The majestic and abandoned North Grand Church is in Adams County, ten miles southwest of Hettinger and just a mile north of the South Dakota border. It served this barely-populated part of the county for sixty years, from 1909 to 1969.
I would describe this church as brick, although I’m not sure that’s the correct term. The blocks are larger than your typical brick and they have a textured surface that makes them particularly beautiful. If someone has some clarification on the construction of this church, please leave a comment below.
We found getting to this church somewhat challenging. The nearest paved highway is five miles to the west, and even the dirt roads leading to this beautiful place are very lightly traveled. In places, it was just two wheel tracks with prairie grass growing up in the middle, but it was worth the trip. When we arrived, we shut off the car and got out, greeted with our favorite reward — the sound and smell of the prairie. Crickets chirped and the prairie grass swished in the light breeze. No traffic noise, no people, and our cellphones didn’t ring. Perfection.
A visitor to our Facebook page reports this church was once part of a Lutheran Parish that included the Wolf Butte, Bucyrus, and Richland churches.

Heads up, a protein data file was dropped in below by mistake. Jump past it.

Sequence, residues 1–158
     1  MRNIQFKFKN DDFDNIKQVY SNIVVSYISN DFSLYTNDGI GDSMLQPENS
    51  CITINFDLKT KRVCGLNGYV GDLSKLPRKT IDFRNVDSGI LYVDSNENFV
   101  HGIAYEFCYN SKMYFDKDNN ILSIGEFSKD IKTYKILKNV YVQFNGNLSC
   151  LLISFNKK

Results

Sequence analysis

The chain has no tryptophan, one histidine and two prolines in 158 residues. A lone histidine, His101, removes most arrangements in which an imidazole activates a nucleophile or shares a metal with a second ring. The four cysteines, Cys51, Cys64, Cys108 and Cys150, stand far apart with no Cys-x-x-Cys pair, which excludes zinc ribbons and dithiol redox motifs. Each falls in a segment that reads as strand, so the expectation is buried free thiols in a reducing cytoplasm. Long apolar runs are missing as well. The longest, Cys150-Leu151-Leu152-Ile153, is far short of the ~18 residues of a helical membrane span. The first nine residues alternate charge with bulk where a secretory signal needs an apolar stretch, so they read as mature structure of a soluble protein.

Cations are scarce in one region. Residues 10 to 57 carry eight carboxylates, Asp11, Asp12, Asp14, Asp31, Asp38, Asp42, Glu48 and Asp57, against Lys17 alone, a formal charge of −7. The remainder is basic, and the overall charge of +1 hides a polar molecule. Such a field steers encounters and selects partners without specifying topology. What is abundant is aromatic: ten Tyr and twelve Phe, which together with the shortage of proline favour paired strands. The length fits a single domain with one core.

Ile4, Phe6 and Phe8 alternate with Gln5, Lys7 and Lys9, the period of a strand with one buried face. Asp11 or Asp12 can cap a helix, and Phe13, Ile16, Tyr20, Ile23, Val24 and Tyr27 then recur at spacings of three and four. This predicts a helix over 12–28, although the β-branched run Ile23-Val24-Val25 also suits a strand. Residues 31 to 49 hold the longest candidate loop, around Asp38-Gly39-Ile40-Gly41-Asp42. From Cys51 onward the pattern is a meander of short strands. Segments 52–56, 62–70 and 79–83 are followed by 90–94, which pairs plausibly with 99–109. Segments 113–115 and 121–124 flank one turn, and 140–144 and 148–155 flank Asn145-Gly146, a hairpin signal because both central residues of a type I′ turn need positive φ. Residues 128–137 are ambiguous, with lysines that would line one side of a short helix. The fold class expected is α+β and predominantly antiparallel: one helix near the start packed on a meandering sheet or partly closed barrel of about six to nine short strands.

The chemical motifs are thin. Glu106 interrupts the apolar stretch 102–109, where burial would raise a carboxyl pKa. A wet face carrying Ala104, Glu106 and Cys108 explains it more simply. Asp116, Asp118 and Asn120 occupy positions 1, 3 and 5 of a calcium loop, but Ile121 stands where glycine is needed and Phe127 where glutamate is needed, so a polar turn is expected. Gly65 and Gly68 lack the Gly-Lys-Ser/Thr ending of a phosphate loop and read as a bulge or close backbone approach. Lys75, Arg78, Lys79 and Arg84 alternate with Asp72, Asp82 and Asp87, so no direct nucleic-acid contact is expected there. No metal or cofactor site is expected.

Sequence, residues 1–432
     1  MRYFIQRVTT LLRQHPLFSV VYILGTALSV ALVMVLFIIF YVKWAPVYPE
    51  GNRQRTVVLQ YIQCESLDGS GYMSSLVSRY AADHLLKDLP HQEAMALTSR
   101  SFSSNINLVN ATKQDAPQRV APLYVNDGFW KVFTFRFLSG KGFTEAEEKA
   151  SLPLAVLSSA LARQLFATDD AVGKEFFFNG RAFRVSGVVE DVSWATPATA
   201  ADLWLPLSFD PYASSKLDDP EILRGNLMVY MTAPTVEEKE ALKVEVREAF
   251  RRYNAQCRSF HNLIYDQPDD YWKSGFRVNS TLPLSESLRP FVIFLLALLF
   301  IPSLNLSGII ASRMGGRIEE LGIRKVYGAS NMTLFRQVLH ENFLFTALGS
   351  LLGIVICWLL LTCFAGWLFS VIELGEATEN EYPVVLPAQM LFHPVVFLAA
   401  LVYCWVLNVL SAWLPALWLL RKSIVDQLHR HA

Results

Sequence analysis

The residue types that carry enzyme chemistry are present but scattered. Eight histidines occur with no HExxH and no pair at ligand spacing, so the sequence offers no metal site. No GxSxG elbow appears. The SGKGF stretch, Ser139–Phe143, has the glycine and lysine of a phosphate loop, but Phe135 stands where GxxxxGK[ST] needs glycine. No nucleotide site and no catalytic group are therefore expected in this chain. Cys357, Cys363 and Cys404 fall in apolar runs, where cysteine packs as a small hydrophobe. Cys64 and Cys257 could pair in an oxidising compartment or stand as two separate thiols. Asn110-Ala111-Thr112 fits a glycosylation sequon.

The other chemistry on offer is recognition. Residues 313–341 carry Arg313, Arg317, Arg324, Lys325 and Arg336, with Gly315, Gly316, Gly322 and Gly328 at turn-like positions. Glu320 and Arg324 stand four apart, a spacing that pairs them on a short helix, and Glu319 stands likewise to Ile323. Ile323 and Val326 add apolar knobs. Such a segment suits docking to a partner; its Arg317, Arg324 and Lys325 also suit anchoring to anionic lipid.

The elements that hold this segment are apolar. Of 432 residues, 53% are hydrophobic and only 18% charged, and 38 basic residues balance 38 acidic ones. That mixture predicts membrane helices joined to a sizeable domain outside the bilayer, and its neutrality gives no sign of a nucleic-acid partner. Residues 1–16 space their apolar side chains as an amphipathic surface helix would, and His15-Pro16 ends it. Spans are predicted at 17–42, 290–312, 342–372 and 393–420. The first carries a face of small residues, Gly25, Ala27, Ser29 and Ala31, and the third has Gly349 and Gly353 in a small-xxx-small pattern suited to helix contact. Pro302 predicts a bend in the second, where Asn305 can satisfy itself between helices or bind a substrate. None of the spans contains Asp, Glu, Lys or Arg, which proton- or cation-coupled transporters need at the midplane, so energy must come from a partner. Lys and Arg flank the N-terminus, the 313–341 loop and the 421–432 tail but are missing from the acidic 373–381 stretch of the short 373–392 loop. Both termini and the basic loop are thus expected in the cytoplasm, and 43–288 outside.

North Grand Lutheran Church is surrounded on all sides by crop land with barely a tree in site.
The inside of the North Grand Lutheran Church is in better condition than some of the churches we’ve visited, like St. John’s in Arena, but not by much. There aren’t many years left in this place without human intervention, and the remote location makes that unlikely.
Judging by the small number of graves, the cemetery has apparently been very lightly used. We saw mostly old stones from the WWII-era, but one was from as recently as 2006. Holden, Jeffers, and Hanson were some of the names we noticed.
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Photos by Troy Larson and Terry Hinnenkamp, copyright Sonic Tremor Media LLC